PFAS: A Clear and Present Danger

kitchen with non-stick pans

It's hard enough to track ingredients in the food we eat, let alone monitor all of the potentially harmful things in products we use daily. But, unfortunately, in the modern world we live in, many of the materials used in making household items can be harmful and pose a risk to your health. 

What are PFAS? 

PFAS or polyfluoroalkyl substances are a large group of synthetic chemicals used in many everyday materials, including mattresses, nonstick cookware, carpet, textiles, high-performance outdoor gear, coated paper products, and a variety of cleaning products, paints, varnishes, and sealants. 

These compounds are used to repel oil, water, grease, and stains, resist extreme temperatures and reduce friction, and have been widely used for over 80 years. 

PFAS also contain the element fluorine, which is considered a very stable substance and earned the distinction of being "forever chemicals" because they don't naturally degrade in soil or water. 

What is the Risk? 

PFAS have been detected in blood serum of up to 99 percent of a representative population of the United States. The Environmental Protection Agency (EPA) has been concerned about the adverse health and environmental effects of PFAS, and some U.S. manufacturers began voluntarily phasing out production of some PFAS in 2004. The phase-out resulted in decreasing levels of some PFAS in blood serum and bio-monitoring studies. 

With over 5,000 different PFAS being identified and the common use of these within household items, it poses a clear and present risk to everyday health. PFAS come in two versions known as "long-chain" and "short-chain" and have been studied to see if one would potentially be less harmful than another. 

Short-chain PFAS were initially believed to be less toxic and less persistent in the environment. Unfortunately, these alternatives have proven to be as persistent in the environment as their long-chain counterparts, with different but no less concerning health and environmental impacts.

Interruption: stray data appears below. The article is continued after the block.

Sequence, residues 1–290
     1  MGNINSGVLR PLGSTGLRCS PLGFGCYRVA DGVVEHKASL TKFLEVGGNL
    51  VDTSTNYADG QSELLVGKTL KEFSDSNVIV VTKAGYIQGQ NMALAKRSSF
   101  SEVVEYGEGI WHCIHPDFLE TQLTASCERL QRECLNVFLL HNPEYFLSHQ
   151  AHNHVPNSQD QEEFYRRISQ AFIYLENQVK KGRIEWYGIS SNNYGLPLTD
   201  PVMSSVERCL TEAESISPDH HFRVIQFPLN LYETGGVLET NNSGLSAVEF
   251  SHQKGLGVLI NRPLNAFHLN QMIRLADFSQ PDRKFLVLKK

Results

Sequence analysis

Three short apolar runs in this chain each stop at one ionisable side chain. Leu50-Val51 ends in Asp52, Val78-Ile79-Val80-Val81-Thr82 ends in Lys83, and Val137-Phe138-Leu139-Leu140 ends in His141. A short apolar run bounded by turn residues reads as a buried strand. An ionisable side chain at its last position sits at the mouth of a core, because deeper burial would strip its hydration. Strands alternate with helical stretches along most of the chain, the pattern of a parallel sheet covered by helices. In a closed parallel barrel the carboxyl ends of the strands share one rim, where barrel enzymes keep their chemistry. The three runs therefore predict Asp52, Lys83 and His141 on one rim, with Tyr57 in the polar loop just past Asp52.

Scientists are now raising concerns about the harmful impacts of this new generation of PFA compounds. For example, short-chain PFAS are harder to remove from drinking water and have a greater potential for long-range transport and have shown increases in the presence within humans and the environment.

Studies on animals have also shown health effects, including suggestive cancer cells, in the thyroid, kidney, blood, immune system, reproductive organs, developing fetus, and the liver following oral exposure.

What Does Future Hold? 

Although some federal laws and regulations could eventually be used to control PFA contamination, the EPA has not yet issued enforceable standards for these chemicals. As a result, PFAS are not currently required to be routinely monitored at public water supply sites. 

Currently, PFAS are not listed as hazardous substances under the Comprehensive Environmental Response Compensation and Liability Act (CERCLA). No PFA compounds are listed as hazardous wastes under the Resource Conservation and Recovery Act (RCRA) or regulated under the Toxic Substances Control Act (TSCA). PFA compounds are also not listed as toxic or priority pollutants under the Clean Water Act.

Congressional lawmakers have proposed plans to address these ever-present dangers, but nothing has been passed into law. 

Some states concerned with the slow response to develop enforceable regulations have adopted or introduced regulations and policies of their own to address PFAS in drinking water, landfills, firefighting foams, cosmetics, and food packaging. 

However, PFA chemicals continue to be used in consumer products and continuously expose people and the environment to potential poisons, resulting in growing health risks.

How to Stay Safe

Given the clear and present risk associated with exposure to PFAS, the first step to staying safe is educating yourself on the uses in everyday products. Read labels and remain diligent in cutting down on the exposures wherever you can. 

Progress can be a slow process to get changes made. But, knowing the risks and choosing products that don't include PFAS can be a big step in the right direction for your safety and overall well-being for you and your family. 

You can always trust Naturepedic. Not only are we certified to the strictest organic standards through the Global Organic Textile Standard (GOTS), we pride ourselves on being the leading organic mattress brand when it comes to transparency and safety. It is our promise to you that we will always take care to eliminate harmful chemicals from all of our products. For more information about PFAS, visit the United States Environmental Protection Agency